Category Archives: Connecticut

New Haven RR’s Grand Central Operations

Through the latter 1950s – maybe early 1960s the New Haven serviced some trains at Mott Haven. Specifically Merchants, State of Maine, Owl would be brought by New York Central switcher for servicing/storage at Mott Haven.

Other trains turned at Grand Central Terminal. Some via look track others had the seats flipped. The motor usually would sit at the bumper until another motor took the train east – then the motor at the bumper would go to 49th St. or onto another east bound.

Cars could be watered and the batteries could be put on charge if necessary but not much else was done in New York. They would be swept out and occasionally washed by a mechanical washer on one side.

Engines at 49th Street would be watered, steam generators would be prepared and filled with water for the outbound trip and the brakes would be tested. There was no facilities for fuel for either the FL-9’s or the electric motors and no sand available either.

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https://penneyandkc.wordpress.com/the-ride-to-choate/

 

My Favorite Photo

We are in the process of updating our railroad WebSite https://penneyandkc.wordpress.com/

Part of this includes the Central New England Railway. We did not invent this: it all came to us from Bernie Rudberg. Bernie was the ultimate railfan…….about the Central New England Railway. He started the revival of the Hopewell Junction Railroad Station and promoted the  Walkway Over the Poughkeepsie Bridge. He ran annual tours over the Central New England Railway.

But Google/Alphabet decided to squash Bernie because his WebPages were not “friendly” to  IPHONES and other “portable” users.

Well, here we are.

Some fantastic photos from Bernie. Photo credits from famous railroad photographers

J. W. Swanberg

Lee Beaujon

Roger Liller

Fran Donovan

Bob Lord

Others come from the “Tour Guides” he published.

Still others are NIMKE

R.W. Nimke published books a long time ago. His series on the Central New England Railway goes for over $600 on ebay.

Well the picture I liked best is wierd.

No credit but  railroad related (railroad bridge in center).

The ESSO station, the old man dressed like my great-grandfather, the couple on bridge not worrying about a train coming.

Each to his own

Just check out this site: https://penneyandkc.wordpress.com/cne-connecticut-connection/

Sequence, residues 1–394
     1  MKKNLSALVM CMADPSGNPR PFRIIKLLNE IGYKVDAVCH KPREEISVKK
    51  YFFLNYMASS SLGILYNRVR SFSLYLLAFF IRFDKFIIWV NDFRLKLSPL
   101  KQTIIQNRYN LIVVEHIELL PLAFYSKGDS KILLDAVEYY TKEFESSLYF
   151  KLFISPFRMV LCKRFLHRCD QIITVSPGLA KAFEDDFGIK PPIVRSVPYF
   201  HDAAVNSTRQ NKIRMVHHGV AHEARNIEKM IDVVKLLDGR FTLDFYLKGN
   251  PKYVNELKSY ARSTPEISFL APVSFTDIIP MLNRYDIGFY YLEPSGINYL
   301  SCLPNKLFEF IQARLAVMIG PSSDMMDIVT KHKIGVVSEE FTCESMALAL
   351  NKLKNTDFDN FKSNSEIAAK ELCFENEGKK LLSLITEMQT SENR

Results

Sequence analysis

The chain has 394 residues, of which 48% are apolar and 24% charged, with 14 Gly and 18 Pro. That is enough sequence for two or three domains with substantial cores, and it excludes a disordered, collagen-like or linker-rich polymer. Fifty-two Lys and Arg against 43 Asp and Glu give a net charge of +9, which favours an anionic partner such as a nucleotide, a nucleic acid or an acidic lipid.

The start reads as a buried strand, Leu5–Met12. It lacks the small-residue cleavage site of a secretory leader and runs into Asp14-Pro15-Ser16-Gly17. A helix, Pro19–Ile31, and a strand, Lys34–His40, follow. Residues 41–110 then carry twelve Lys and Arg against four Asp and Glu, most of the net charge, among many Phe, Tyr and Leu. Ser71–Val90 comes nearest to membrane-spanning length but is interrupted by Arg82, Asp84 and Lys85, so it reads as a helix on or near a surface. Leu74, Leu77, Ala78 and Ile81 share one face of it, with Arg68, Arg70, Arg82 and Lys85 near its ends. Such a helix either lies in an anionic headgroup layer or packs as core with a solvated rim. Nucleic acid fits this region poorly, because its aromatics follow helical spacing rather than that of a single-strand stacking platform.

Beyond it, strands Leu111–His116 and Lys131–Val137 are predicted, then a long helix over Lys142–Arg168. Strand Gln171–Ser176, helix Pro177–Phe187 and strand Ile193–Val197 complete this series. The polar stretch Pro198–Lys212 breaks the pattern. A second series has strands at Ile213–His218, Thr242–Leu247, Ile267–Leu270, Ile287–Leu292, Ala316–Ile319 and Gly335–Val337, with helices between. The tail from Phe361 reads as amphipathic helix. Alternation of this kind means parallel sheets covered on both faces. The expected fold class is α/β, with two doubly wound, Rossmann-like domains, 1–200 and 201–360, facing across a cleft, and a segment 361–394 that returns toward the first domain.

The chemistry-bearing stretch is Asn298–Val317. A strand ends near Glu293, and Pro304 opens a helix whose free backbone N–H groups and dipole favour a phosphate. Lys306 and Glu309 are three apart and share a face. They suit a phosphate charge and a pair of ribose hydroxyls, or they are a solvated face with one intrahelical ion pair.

ANCIEN HIPPIE

 

 

 

 

 

Upgrade for America’s Busiest Rail Lines Depends on Trump Administration

A U.S. agency on Friday endorsed an expensive plan to expand and repair the busy U.S. Northeast Corridor rail lines over the next three decades, adding new tracks in most locations and cutting the time to travel from Washington to New York by 35 minutes.

But it will be up to the incoming Donald Trump administration and Congress, states, cities, and railroads to decide whether to move forward with expensive improvements. New projects and tracks will require more review and more environmental studies, as well as significant funding.

Trump has promised to spend billions of dollars on improvements in U.S. infrastructure such as highways, bridges, and mass transit.

The U.S. Federal Railroad Administration (FRA) on Friday recommended adding new tracks to increase the Northeast Corridor to four tracks in most locations — an expansion it says it would result in four billion fewer miles a year traveled on U.S. roads.

The FRA also proposes adding many regional trains and providing up to five times more intercity trains.

It estimates the plan’s total cost at $123 billion to $128 billion.

In 2012, at the urging of Congress, Northeastern states and the federal agency began working together to develop a plan for the corridor.

Under the proposal, the agency said, travel time from Boston to New York would be 45 minutes faster for a total time of two hours and 45 minutes, while travel from New York to Washington would be 35 minutes faster for a total time of two hours and 10 minutes.